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Created

Date Created
  • 2016-12

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Analyzing the Achievement and Attitude of Students Using Concept Mapping in an Active Learning Classroom

Description

Concept mapping is a tool used in order to visually represent a person's understanding of interrelated concepts. Generally the central concept is in the center or at the top and

Concept mapping is a tool used in order to visually represent a person's understanding of interrelated concepts. Generally the central concept is in the center or at the top and the related concepts branch off, becoming more detailed as it continues. Additionally, links between different branches show how those concepts are related to each other. Concept mapping can be implemented in many different types of classrooms because it can be easily adjusted for the needs of the teacher and class specifically. The goal of this project is to analyze both the attitude and achievement of students using concept mapping of college students in an active learning classroom. In order to evaluate the students' concept maps we will use the expert map scoring method, which compares the students concept maps to an expertly created concept map for similarities; the more similar the two maps are, the higher the score. We will collect and record students' scores on concept maps as they continue through the one semester class. Certain chapters correspond to specific exams due to the information contained in the lectures, chapters 1-4 correspond to exam 1 and so forth. We will use this information to correlate the average concept map score across these chapters to one exam score. There was no significant correlation found between the exam grades and the corresponding scores on the concept maps (Pearson's R values of 0.27, 0.26, and -0.082 for Exam 1, 2 and 3 respectively). According to Holm et all "it was found that 85% of students found interest or attainment in the concept mapping session, only 44% thought there was a cost, and 63% thought it would help them to be successful."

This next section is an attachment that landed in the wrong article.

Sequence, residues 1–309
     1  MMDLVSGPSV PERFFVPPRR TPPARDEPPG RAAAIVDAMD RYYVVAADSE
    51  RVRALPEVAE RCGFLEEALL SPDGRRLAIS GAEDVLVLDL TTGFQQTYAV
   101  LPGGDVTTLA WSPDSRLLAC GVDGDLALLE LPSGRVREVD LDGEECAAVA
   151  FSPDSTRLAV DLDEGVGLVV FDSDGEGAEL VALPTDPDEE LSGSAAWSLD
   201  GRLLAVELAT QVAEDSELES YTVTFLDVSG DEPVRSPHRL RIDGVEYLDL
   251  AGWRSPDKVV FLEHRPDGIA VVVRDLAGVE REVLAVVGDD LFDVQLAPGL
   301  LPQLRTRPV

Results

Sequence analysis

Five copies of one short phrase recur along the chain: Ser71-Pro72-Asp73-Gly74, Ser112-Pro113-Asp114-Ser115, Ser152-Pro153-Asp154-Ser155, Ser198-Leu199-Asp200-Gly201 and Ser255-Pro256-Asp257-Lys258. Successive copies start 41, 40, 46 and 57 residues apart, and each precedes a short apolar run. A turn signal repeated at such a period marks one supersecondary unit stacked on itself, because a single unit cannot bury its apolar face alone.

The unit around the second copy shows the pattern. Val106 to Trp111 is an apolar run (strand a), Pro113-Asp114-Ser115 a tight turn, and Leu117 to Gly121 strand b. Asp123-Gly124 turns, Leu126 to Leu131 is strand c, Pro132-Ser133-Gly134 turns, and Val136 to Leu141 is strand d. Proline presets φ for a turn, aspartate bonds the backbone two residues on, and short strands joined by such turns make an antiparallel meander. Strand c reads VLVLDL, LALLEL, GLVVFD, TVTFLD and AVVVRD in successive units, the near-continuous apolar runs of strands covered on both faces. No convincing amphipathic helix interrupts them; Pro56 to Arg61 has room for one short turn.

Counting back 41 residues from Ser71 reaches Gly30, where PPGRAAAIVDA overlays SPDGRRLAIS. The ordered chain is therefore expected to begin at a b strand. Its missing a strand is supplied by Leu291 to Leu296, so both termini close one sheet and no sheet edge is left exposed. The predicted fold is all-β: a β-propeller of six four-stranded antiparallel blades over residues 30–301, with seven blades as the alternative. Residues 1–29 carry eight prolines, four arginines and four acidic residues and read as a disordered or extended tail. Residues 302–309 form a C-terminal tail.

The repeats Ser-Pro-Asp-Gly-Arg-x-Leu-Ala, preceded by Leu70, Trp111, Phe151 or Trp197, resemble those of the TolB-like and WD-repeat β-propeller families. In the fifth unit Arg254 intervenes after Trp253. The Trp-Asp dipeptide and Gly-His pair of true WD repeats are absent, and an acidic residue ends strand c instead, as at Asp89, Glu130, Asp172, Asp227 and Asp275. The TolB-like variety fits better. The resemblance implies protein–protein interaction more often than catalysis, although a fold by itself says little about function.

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Date Created
  • 2016-12

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Leading Edge Geometry Effects on Pressure Drag and Pressure Thrust for Various Wing Geometries

Description

The purpose of this paper is to discover what geometric characteristics of a wing and airfoil help to maximize leading edge suction through experimental testing. Three different stages of testing

The purpose of this paper is to discover what geometric characteristics of a wing and airfoil help to maximize leading edge suction through experimental testing. Three different stages of testing were conducted: a Proof of Concept, a Primary Experiment, and a Secondary Experiment. The Proof of Concept shows the effects of leading edge suction and the benefits it can posses. The Primary Experiment provided inconclusive data due to inaccuracies in the equipment. As a result, the Secondary Experiment was conducted in order to reduce the error effect as much as possible on the data. Unfortunately the Secondary Experiment provided inaccurate data as well. However, this paper does provide enough evidence to begin to question some of the long held beliefs regarding theoretical induced drag and whether it is true under all circumstances, or if it is only a good approximation for airfoils with full leading-edge suction effects.

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Date Created
  • 2017-05

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Study of Exhaust Throttling Effects on SI Engine Performance

Description

To determine the effects of exhaust heat recovery systems on small engines, an experiment was performed to measure the power losses of an engine with restricted exhaust flow. In cooperation

To determine the effects of exhaust heat recovery systems on small engines, an experiment was performed to measure the power losses of an engine with restricted exhaust flow. In cooperation with ASU's SAE Formula race team, a water brake dynamometer was refurbished and connected to the 2017 racecar engine. The engine was mounted with a diffuser disc exhaust to restrict flow, and a pressure sensor was installed in the O2 port to measure pressure under different restrictions. During testing, problems with the equipment prevented suitable from being generated. Using failure root cause analysis, the failure modes were identified and plans were made to resolve those issues. While no useful data was generated, the project successfully rebuilt a dynamometer for students to use for future engine research.